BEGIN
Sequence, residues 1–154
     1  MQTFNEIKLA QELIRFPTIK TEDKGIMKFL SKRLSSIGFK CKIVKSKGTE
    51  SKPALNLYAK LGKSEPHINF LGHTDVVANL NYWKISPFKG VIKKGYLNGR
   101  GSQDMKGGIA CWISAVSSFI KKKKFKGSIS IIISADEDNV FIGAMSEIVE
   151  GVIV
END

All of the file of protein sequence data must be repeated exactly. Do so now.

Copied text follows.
Sequence, residues 1–154
     1  MQTFNEIKLA QELIRFPTIK TEDKGIMKFL SKRLSSIGFK CKIVKSKGTE
    51  SKPALNLYAK LGKSEPHINF LGHTDVVANL NYWKISPFKG VIKKGYLNGR
   101  GSQDMKGGIA CWISAVSSFI KKKKFKGSIS IIISADEDNV FIGAMSEIVE
   151  GVIV